31 July 2011

Anvil Pub

Former expat, queen of snark, and determined vegetarian, Rachel B., recently returned to the motherland, Dallas, Texas, where she shares her initial impressions of the new bar and eatery on the scene, Anvil Pub.  

For those of you not intimately familiar with Dallas' foodie scene, it's like this: shopping and eating are king in this town and new restaurants, bars, and clubs open and close at an astounding speed as the locals rave and then, 30 minutes later, find a new hotspot to frequent until they once again grow bored. Entrepreneurial restauranteurs must seek the happy medium of becoming the neighborhood hang out as well wooing hipsters to a trendy new locale. It's a status seldom achieved and many promising and delicious start ups fall by the wayside in a sad collection of once celebrated venues now forgotten. Read on as Rachel details her experience and pronounces Anvil a temporary success:

29 July 2011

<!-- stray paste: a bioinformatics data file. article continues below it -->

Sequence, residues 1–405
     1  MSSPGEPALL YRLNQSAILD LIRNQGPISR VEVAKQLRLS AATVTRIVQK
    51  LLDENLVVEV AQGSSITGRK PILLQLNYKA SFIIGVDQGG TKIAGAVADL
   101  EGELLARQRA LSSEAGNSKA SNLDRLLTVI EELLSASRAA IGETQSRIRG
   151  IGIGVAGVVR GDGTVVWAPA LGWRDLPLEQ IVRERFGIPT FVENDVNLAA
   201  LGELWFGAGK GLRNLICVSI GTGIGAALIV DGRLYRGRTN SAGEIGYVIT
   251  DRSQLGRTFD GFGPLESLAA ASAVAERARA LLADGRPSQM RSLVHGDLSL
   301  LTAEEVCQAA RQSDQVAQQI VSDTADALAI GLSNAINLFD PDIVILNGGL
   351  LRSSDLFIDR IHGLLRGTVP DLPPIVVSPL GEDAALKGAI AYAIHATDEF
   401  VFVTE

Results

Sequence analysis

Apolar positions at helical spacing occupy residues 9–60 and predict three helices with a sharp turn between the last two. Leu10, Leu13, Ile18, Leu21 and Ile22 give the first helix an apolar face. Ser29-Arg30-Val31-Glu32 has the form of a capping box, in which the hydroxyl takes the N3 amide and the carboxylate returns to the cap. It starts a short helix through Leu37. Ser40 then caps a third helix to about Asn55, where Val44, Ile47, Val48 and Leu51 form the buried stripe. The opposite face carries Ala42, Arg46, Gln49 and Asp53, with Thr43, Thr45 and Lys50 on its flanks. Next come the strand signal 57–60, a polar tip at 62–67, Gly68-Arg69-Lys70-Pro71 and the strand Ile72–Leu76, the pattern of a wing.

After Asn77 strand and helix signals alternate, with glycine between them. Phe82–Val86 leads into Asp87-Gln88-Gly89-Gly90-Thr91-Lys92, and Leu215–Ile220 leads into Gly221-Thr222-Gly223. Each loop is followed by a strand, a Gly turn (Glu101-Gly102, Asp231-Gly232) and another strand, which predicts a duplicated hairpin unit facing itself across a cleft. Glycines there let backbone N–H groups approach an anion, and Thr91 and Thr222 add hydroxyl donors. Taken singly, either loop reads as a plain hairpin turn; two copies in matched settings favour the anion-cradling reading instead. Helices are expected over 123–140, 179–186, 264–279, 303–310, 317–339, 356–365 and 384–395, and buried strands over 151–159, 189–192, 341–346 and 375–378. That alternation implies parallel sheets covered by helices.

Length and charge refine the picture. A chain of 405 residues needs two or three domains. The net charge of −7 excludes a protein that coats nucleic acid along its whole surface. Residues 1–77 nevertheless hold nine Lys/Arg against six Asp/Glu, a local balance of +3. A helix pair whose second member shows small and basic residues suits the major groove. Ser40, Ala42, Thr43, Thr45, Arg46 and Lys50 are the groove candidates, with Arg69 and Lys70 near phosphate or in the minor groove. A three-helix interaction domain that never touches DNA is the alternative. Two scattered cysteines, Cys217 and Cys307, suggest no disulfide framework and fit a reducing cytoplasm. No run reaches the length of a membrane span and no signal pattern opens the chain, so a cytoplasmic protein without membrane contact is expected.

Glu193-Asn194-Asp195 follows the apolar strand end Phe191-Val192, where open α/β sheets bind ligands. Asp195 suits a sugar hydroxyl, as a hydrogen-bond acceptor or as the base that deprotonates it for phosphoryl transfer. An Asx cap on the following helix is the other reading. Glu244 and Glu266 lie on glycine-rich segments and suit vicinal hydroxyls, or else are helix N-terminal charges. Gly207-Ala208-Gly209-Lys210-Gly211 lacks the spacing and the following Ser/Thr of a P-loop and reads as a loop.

Nairobi Nightlife Needs You!

If you like to eat, drink, and be merry and want to tell the world what you liked or didn't like about a particular restaurant/bar/club or you just want to promote your favorite little hole in the wall, now could be your chance.  Your Nairobi Nightlife Guru, as one friend nicknamed me, is looking for people interested in either writing a one time review or someone who would like to join the foodie clan as a regular contributor.  As much as I enjoy going out it would be next to impossible for me to individually review every single venue Nairobi has to offer and I'm sure that my readers would love perspectives and endorsements from people other than just little old me.

There's no compensation involved, just fun times surrounded by (hopefully) good food. Reviewed locations don't have to be in Nairobi since the blog also includes a travel section.  So get eating and feel free to submit reviews on places you think readers would like to visit in your town or highlight the must-go place you seek out every time you visit a certain city. 

If you like to write and this sounds like something you'd like to partake in, email me at nairobinightlife(at)gmail(dot)com.  Please include your name, a small background on yourself so we can introduce you to our readers, and your review.  There are no rules dictating the content of the submissions, but they must include the name and location of the venue and a general idea of the price range.  Attach related photos (make sure you have permission to post them) along with credits.